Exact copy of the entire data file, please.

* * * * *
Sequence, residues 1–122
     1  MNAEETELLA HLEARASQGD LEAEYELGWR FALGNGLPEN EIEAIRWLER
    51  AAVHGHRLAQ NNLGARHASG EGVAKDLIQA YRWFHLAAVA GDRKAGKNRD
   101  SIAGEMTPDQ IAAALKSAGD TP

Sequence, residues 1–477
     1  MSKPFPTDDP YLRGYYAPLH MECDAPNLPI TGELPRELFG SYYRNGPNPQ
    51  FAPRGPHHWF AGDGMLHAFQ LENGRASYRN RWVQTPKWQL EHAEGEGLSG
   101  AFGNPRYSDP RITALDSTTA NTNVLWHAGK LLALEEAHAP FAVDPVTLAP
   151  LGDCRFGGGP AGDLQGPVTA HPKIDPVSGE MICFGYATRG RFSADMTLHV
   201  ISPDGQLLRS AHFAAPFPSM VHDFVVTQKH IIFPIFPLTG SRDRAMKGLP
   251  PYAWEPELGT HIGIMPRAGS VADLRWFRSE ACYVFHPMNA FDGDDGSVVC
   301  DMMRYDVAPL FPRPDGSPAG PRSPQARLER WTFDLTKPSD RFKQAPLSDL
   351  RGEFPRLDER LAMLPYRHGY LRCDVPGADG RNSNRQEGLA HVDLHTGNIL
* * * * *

Sequence, residues 1–122
     1  MNAEETELLA HLEARASQGD LEAEYELGWR FALGNGLPEN EIEAIRWLER
    51  AAVHGHRLAQ NNLGARHASG EGVAKDLIQA YRWFHLAAVA GDRKAGKNRD
   101  SIAGEMTPDQ IAAALKSAGD TP

Sequence, residues 1–477
     1  MSKPFPTDDP YLRGYYAPLH MECDAPNLPI TGELPRELFG SYYRNGPNPQ
    51  FAPRGPHHWF AGDGMLHAFQ LENGRASYRN RWVQTPKWQL EHAEGEGLSG
   101  AFGNPRYSDP RITALDSTTA NTNVLWHAGK LLALEEAHAP FAVDPVTLAP
   151  LGDCRFGGGP AGDLQGPVTA HPKIDPVSGE MICFGYATRG RFSADMTLHV
   201  ISPDGQLLRS AHFAAPFPSM VHDFVVTQKH IIFPIFPLTG SRDRAMKGLP
   251  PYAWEPELGT HIGIMPRAGS VADLRWFRSE ACYVFHPMNA FDGDDGSVVC
   301  DMMRYDVAPL FPRPDGSPAG PRSPQARLER WTFDLTKPSD RFKQAPLSDL
   351  RGEFPRLDER LAMLPYRHGY LRCDVPGADG RNSNRQEGLA HVDLHTGNIL